To be faithful requires holding to God’s word despite everything. But we look at the world and the Church and see instance after instance of people rejecting the word of Jesus – the things that make for peace – the blessing promised to the meek and lowly.
Today we may see this in Russia – in the words of the Russian Orthodox Patriarch, Kirill, who has given his blessing to the war against Ukraine, claiming that it is a metaphysical struggle for the soul of Orthodoxy and Christianity against godless westerners who push LGBT ideals on the pure Russian people. Instead of believing in God’s promises to the Church, that God will save the Church no matter what, he puts his trust in a tyrant who prosecutes a war that has massacred civilians, caused millions of people to flee with nothing, killed soldiers on both sides, and threatens to flare up into a conflict of global scale.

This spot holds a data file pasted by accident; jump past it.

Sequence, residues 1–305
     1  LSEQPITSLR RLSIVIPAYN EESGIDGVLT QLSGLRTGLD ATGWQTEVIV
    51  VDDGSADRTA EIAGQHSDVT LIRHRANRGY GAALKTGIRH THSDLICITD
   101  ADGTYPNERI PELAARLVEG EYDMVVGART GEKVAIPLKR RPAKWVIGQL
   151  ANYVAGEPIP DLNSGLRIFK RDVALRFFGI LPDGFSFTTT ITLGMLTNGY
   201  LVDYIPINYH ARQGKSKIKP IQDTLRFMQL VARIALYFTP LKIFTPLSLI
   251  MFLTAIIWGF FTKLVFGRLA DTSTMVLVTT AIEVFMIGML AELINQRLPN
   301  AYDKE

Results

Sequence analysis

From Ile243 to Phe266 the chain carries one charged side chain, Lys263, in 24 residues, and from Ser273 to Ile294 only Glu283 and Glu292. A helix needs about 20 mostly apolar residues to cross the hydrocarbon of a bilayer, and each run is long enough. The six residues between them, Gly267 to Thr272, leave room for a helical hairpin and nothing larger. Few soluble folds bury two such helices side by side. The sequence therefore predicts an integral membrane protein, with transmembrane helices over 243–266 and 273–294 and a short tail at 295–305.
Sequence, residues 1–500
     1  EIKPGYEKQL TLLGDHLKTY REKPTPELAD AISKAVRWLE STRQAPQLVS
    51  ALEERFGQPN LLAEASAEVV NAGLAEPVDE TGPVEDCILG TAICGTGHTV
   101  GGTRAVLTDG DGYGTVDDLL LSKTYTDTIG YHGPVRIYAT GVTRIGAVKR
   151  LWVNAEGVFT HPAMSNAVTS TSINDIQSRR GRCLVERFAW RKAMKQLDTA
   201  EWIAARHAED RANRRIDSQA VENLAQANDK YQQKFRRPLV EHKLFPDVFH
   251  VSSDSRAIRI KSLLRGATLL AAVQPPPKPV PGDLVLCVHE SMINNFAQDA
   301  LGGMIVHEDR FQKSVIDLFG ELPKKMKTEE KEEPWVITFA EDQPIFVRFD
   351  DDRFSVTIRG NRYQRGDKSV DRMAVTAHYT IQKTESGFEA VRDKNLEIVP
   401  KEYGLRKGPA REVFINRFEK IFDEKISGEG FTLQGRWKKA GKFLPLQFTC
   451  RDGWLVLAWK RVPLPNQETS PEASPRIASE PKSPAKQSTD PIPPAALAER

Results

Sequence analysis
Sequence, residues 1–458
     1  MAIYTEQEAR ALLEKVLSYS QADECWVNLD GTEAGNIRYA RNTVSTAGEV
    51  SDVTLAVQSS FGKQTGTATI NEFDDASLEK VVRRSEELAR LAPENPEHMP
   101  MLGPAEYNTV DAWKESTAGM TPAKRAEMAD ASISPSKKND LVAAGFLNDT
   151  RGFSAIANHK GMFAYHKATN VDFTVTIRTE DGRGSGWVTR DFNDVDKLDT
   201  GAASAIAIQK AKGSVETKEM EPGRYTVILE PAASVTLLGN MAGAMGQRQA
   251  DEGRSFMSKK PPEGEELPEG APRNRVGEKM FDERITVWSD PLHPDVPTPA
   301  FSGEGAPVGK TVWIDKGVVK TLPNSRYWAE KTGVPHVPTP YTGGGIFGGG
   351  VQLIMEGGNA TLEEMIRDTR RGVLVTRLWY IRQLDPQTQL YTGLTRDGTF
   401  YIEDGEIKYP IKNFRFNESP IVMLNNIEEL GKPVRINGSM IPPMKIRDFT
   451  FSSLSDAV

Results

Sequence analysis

In the meantime, a Russian Orthodox priest, the Rev. Ioann Burdin, has been arrested for ‘discrediting the use of the armed forces,’ for speaking against the war and posting pictures of the destruction and suffering on his parish’s website. We hear these words of our Lord in the context of today: Jerusalem, Jerusalem, the city that kills the prophets and stones those who are sent to it! How often have a desired to gather your children together as a hen gathers her brood under her wings, and you were not willing! See, your house is left to you. Shall these words be pronounced against the Cathedral of Christ the Savior in Moscow, with its majestic architecture and beautiful icons and billowing incense, and yes, with its faithful Christians worshiping in devotion to God?
We might be tempted to simply be disgusted with the words and actions of an old orthodox bishop who blesses aggressive war while wearing a bishop’s miter emblazoned with the icon of the Prince of Peace. But while we name wrong as wrong, let us judge not lest we be judged. Do not our empty worship buildings, our weak witness to our faith, our unwillingness to be corrected in matters of personal conduct, our clinging to hatred of our enemies, bespeak the failure of our Churches to trust in the Word and promise of God? We say we believe God when he speaks, but do we believe when we will not come together to hear the Word, and to read the Word? Certainly COVID has lessened the numbers in the Church. Certainly we do not discount the faith of those who cannot gather with us because of health.